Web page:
Editor's note: With our coronavirus coverage, the Star is not trying to alarm the public but to provide up-to-date information so you can make educated decisions about your health. Because of this, we’ve made all coverage related to COVID-19 free. Help us continue this important work by subscribing to the Star. Click here to see the latest coronavirus updates in Southern Arizona.
The sudden change to a nearly virtual world at the University of Arizona has left real-world operations like its Tucson Village Farm struggling to care for its vegetables and the upkeep of its chickens with fewer students to do the work.
And instructors are trying to fast-track their skills to produce online lesson plans and video lectures.
A downsized crew at the farm on North Campbell Avenue, south of East River Road is doing what it can to keep up with the operation.
The cooperative extension that’s been a link between the university and the community brings scientists and educators together to promote healthier living.
Normally UA students help with labor on the farm as well as its educational programming for children and adults who visit. That’s changed now that the UA has gone to nearly all online instruction during the coronavirus pandemic and many students have chosen not to return to campus, or even the city.
The farm is switching to engaging with young people using online tools, like videos and live chats rather than its usual hands-on activities. “It is definitely challenging how creative we can be in engaging youth,” said Elizabeth Sparks, who oversees the youth programs at the farm.
On site, a minimal crew remains to work on the farm that produces 150 different vegetables each season and maintains chickens.
“Right now is a really crucial time to get all the food into the field. So we have to be planting it cause if we don’t, then we won’t have any food this summer,” Sparks said.
For now, students will keep working remotely during the hiatus, but Sparks is looking ahead at one benefit of being forced to interact with kids in a digital way.
“Once we’re on the other side of this pandemic, we’ll have some really great new teaching tools for kids to engage with,” Sparks said.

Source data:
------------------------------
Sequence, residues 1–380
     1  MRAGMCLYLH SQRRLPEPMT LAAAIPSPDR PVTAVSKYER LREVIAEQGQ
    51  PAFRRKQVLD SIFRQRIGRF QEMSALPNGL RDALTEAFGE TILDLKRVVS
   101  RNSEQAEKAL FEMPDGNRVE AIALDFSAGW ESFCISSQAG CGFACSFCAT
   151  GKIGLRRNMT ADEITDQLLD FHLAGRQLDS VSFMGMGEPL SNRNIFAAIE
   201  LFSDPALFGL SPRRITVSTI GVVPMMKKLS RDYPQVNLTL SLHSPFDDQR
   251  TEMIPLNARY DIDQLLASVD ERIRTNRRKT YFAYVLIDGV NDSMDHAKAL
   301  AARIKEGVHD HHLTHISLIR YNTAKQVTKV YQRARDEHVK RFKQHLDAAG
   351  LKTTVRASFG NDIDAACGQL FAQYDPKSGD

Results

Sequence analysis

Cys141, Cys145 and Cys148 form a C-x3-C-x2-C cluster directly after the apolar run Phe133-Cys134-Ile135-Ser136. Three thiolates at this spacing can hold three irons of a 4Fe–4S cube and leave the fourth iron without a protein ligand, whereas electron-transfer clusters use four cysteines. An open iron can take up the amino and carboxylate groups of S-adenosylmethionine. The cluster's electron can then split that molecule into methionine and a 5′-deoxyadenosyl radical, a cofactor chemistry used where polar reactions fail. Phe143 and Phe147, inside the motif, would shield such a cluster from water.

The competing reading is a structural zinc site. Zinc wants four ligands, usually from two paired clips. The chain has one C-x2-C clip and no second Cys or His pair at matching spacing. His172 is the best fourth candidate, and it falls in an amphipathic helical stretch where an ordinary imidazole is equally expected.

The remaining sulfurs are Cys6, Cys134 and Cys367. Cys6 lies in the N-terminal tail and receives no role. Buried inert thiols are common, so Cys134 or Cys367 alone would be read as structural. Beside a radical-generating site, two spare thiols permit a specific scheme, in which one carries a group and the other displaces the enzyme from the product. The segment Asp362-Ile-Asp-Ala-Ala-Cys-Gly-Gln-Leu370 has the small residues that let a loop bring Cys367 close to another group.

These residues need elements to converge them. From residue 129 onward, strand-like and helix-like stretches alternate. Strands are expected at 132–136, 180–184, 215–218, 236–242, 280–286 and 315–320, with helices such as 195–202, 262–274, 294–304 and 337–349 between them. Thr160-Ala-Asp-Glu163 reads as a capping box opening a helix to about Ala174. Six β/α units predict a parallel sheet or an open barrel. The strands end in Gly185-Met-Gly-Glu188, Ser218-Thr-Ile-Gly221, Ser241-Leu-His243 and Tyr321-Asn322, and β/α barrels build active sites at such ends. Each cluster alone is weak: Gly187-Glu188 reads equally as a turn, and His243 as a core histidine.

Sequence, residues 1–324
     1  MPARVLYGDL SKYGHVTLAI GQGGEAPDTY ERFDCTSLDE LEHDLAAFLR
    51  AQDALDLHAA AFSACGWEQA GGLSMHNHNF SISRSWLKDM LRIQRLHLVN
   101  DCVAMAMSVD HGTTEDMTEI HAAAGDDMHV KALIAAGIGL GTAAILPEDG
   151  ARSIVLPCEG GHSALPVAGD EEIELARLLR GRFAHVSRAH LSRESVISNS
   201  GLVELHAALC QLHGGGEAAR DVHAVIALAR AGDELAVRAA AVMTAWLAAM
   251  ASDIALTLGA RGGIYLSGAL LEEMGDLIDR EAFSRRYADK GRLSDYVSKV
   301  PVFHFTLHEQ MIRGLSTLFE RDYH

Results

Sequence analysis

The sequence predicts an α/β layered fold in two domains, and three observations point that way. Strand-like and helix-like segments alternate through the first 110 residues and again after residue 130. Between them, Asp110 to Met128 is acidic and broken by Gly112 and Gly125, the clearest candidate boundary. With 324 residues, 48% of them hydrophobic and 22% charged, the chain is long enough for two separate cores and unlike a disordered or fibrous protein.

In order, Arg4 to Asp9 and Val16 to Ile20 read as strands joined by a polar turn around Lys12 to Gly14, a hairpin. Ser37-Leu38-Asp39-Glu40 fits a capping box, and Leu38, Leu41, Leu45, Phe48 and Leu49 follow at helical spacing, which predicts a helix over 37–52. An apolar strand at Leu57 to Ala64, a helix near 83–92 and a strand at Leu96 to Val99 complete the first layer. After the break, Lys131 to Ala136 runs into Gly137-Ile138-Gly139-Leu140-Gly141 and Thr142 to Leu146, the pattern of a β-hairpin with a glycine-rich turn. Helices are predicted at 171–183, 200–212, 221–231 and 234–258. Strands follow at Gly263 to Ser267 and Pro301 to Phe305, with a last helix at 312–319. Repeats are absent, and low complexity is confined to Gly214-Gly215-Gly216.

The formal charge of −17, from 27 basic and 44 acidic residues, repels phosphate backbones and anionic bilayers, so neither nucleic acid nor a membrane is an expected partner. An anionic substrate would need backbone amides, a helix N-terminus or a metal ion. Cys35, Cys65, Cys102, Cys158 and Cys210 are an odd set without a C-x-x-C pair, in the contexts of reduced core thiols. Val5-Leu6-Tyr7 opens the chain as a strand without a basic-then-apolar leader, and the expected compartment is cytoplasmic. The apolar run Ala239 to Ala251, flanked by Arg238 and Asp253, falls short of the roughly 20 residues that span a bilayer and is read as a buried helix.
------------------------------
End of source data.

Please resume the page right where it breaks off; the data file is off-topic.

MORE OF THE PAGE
Change in teaching
Without access to classrooms, UA faculty members have been forced to transition to online platforms to keep teaching. They face a March 23 deadline to make it happen.
Michael Brown, a professor in the chemistry department, says it’s his mission to give his 150 students an online experience that matches the quality of in-person instruction. That includes making video lectures.
“First I have to find a place to write on the board. Then I have to find a place that has adequate light to do video, so its basically like producing a TV program all by yourself with no one to help you,” Brown said.
He described the transition of a course like chemistry, and the mathematical instruction that comes with it, as a demanding task. But Brown adds he’ll make “whatever sacrifices necessary” to get it done.
“I’m doing this all for my students,” Brown said. “That’s the overriding concern that I have to reassure them so they feel good about their education, so they don’t have the anxiety that one could have under these special times and create a sense of continuity.”
On March 11, the UA extended spring break and instituted massive on-campus changes, encouraging students with other options to avoid the campus.
Those who remain are living in a near ghost town for the final eight weeks of the school year that in May won’t end with a commencement celebration.
Students still on campus have had to adjust to get many needed resources. For example, the UA’s libraries closed indefinitely on March 19, but three computer labs remain open and laptops can still be checked out.
Coronavirus concerns put a pause on student workers and other employees at the various eateries on campus. The UA followed the mandate from Tucson Mayor Regina Romero and later the state, closing student unions.
Todd Millay, executive director of the UA’s student unions, said the administration is prepared if the pandemic worsens from its current point.
“We have about 33 restaurants on campus, including concessions in the stadiums, catering services for events all over the campus. So we shut down all the restaurants, but we’ve gone to a modified format right now,” he said.
Approximately 325 full-time employees and between 900 and 1,200 students are in the union workforce, Millay said. The employees are being paid through April 6, when their status will be reevaluated by the administration.
“The benefits also apply, sick time, vacation, all that staff, it’s support services that still apply to everybody. Nobody got swept or anything like that,” Millay said.
In four areas across campus, the UA has started to sell boxed meals and the three campus convenience stores remain open for students from 8 a.m. to 7 p.m.
Millay said the administration will do what it can to continue supporting students with the necessities they need to succeed.
However, a recent student-led petition gathered more than 8,800 signatures calling for the semester’s end. The petition was started by a student, Maritza Almanza, on Change.org.
In addition to ending the semester, the petition asks for the option of a pass-or-fail grading system to honor work students have done, and partial reimbursement of tuition.
“Although online classes help slow the spread of the virus, they still require intellectual and sometimes emotional labor,” the petition said.
“This labor should not be the focus of students right now. They should be self-isolating and focusing on their health, so they don’t get the virus. It’s unreasonable to expect students to still be productive in a time of crisis.”